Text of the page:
Happy New Year!

Hopefully, 2012 was a year that passed with good friends by your side and precious moments spent with your loved ones. As winter creeps in, I appreciate the chilled beauty all around me and stay warm by drinking lots of scorching hot tea. I always read a bit more during the frozen months, plus my mind races with short story ideas, and poems emerge with a distinctly cold bite to them.

Short stories and poems need to be published! So check out this post to venture into the exciting land of submissions. Keep in mind while searching for markets these all-important things…

  • Read the guidelines for each market carefully. If said magazine or e-zine states they only accept literary poetry and fiction, then do not submit horror, fantasy, or science fiction.
  • Take notice if the market for your work accepts simultaneous submissions (submit that poem or story to other markets at the same time) and/or multiple submissions (submit more than one piece at a time), and if your chosen market accepts reprints.
  • Read examples of what has been accepted to that market to provide a better idea of what those editors are drawn to. Some editors are all about surreal experiences that can be interpreted differently by each reader, yet others prefer details galore that make sure the reader gets exactly what the writer is saying. It’s fun to write both ways, so give it a try!
  • Does the market insist upon a bio and intro letter? Most of the time, I’ve included these with my submissions. If it is stated no such things are welcome, then do not send them. Why would an editor not want a bio or cover letter? I’ve worked with a handful of editors who want to judge a piece solely on its own merits and not the background of the writer. If the piece is accepted, then a bio may be requested.
  • If possible, find a submission editor’s name to use with your submission. It shows you have taken a little extra time to read about that market.
  • Unless the publisher’s guidelines state otherwise, use industry standard manuscript formatting. What is that, you ask? Check out William Shunn’s post on industry standard manuscript formatting.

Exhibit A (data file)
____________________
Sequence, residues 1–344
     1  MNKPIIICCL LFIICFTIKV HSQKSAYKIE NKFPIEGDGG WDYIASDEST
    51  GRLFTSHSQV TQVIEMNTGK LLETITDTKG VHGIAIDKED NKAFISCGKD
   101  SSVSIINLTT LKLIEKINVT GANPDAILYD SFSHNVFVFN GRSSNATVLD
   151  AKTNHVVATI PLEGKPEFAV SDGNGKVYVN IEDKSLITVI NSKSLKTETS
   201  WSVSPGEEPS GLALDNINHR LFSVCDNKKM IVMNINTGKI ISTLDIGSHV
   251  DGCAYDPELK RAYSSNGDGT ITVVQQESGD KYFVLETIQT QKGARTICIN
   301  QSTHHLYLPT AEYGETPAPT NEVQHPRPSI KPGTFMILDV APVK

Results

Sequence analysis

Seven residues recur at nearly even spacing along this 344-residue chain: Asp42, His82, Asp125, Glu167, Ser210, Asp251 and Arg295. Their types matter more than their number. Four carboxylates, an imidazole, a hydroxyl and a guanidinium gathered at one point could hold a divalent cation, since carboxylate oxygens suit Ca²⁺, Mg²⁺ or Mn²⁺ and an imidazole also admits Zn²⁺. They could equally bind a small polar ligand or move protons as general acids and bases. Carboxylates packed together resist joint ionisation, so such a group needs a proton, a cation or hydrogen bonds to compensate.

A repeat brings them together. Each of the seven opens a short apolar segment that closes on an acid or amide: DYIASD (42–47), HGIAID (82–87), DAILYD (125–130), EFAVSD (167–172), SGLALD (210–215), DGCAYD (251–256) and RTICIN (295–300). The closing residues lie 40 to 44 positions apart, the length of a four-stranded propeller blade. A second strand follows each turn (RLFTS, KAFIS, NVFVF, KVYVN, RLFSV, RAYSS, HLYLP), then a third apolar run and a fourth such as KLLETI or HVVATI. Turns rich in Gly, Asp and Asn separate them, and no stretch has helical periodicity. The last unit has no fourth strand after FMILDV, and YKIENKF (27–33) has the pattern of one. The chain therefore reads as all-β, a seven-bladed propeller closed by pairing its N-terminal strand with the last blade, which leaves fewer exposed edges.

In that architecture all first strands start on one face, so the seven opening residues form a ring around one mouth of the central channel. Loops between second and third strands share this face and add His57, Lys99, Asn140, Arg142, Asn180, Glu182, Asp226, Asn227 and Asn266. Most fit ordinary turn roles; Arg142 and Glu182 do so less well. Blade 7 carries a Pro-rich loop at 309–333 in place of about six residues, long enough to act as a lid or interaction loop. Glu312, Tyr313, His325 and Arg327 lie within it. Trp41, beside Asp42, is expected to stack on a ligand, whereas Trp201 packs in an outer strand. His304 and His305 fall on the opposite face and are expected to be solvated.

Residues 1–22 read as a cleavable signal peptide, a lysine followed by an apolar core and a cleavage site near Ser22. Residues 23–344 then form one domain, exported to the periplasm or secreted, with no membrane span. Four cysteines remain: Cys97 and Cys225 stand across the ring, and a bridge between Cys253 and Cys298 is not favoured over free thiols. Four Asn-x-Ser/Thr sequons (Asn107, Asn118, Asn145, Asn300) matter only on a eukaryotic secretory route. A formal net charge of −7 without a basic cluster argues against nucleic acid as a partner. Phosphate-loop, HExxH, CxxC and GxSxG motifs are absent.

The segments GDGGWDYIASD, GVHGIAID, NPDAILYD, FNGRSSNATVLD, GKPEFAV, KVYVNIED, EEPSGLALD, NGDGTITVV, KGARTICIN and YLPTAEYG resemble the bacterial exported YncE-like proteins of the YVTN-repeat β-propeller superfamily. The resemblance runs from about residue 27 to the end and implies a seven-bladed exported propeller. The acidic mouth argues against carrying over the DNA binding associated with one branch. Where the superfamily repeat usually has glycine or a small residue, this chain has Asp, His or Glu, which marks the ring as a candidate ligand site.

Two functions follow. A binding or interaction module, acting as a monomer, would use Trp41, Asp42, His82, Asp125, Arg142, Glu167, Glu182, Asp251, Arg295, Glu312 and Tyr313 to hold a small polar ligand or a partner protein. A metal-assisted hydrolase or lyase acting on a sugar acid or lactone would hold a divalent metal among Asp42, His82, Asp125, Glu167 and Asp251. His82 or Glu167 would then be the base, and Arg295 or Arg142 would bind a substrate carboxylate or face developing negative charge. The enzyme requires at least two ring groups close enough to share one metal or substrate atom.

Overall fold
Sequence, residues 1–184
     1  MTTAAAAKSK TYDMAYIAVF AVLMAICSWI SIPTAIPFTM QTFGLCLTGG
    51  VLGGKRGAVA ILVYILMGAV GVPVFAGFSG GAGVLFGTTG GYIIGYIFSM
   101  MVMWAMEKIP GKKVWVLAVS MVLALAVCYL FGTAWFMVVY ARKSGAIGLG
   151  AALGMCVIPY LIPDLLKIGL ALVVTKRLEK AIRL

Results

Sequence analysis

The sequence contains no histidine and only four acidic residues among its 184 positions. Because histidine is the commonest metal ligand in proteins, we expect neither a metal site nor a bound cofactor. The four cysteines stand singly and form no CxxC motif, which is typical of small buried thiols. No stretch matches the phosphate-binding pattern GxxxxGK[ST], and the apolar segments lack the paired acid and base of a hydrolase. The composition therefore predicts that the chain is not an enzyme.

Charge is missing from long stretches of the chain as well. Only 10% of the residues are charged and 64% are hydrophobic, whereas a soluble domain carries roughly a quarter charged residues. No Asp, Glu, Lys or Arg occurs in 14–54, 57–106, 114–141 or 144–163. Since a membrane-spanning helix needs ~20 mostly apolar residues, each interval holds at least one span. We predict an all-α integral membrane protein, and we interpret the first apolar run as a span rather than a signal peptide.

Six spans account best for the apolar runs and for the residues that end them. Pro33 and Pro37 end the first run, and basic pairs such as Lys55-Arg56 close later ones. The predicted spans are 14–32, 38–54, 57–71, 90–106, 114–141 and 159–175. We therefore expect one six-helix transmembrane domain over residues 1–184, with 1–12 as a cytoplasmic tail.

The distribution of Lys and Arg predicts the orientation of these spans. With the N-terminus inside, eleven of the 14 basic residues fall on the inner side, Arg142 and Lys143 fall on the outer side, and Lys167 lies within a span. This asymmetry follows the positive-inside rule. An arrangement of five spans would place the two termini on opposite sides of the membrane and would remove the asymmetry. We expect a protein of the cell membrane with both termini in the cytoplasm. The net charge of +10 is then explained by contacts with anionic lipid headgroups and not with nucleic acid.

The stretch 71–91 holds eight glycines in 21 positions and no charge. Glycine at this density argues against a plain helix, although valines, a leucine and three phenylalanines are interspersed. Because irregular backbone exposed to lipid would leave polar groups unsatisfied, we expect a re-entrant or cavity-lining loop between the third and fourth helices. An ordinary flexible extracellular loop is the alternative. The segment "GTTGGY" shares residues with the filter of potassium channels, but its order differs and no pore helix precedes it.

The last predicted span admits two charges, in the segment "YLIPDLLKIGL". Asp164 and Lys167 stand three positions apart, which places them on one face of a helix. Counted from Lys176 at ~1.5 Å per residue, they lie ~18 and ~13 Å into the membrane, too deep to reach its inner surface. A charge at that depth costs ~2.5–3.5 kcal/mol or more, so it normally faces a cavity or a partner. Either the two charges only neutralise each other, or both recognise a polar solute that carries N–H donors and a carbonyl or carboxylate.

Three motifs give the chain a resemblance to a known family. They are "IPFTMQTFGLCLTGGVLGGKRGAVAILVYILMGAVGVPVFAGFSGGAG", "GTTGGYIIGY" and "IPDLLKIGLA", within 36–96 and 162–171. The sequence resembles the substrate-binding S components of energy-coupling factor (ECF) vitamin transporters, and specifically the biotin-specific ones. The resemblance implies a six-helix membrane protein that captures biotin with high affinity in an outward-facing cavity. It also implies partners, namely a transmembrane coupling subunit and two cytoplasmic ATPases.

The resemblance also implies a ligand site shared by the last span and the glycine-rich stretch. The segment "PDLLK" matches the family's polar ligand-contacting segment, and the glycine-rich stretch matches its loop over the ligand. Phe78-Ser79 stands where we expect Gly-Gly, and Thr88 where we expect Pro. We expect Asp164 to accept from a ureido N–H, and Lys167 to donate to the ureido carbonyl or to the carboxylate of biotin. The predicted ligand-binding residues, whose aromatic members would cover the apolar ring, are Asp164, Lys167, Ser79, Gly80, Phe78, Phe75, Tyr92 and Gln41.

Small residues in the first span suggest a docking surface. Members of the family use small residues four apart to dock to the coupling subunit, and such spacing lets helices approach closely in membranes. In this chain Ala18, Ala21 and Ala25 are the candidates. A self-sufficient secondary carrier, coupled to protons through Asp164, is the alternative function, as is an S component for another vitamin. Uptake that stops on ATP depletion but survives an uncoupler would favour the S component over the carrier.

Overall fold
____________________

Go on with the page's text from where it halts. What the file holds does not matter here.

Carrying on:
• Does the market pay? You must decide if this matters, but be sure you know before agreeing to anything.

MARKETS

IDEOMANCER: One of my favorite markets, Ideomancer publishes speculative fiction and poetry. Their guidelines state, “We want unique pieces from authors willing to explore non-traditional narratives and take chances with tone, structure and execution, balance ideas and character, emotion and ruthlessness. We also have an eye for more traditional tales told with excellence.” Their site is beautiful, and the work published is top-notch.

INTERSTELLAR FICTION: If writing about little, green Martians, robots gone mad, or Slide1doomsday devices are your thing, check out this market. Interstellar Fiction loves the old clichés, but if something new blows them away, chances are a publishing credit is coming your way.

THE SOUTHERN REVIEW: You’ll have time to submit to The Southern Review because unsolicited fiction and nonfiction is only accepted (postmarked) September 1st through December 1st, and unsolicited poetry is accepted (postmarked) September 1st through February 1st. If you have poetry ready to go, hurry and submit! Fiction, poetry, essays, including nonfiction and literary essays that are previously unpublished, are considered. Simultaneous submissions are permitted but they ask to be notified promptly if your work is accepted elsewhere.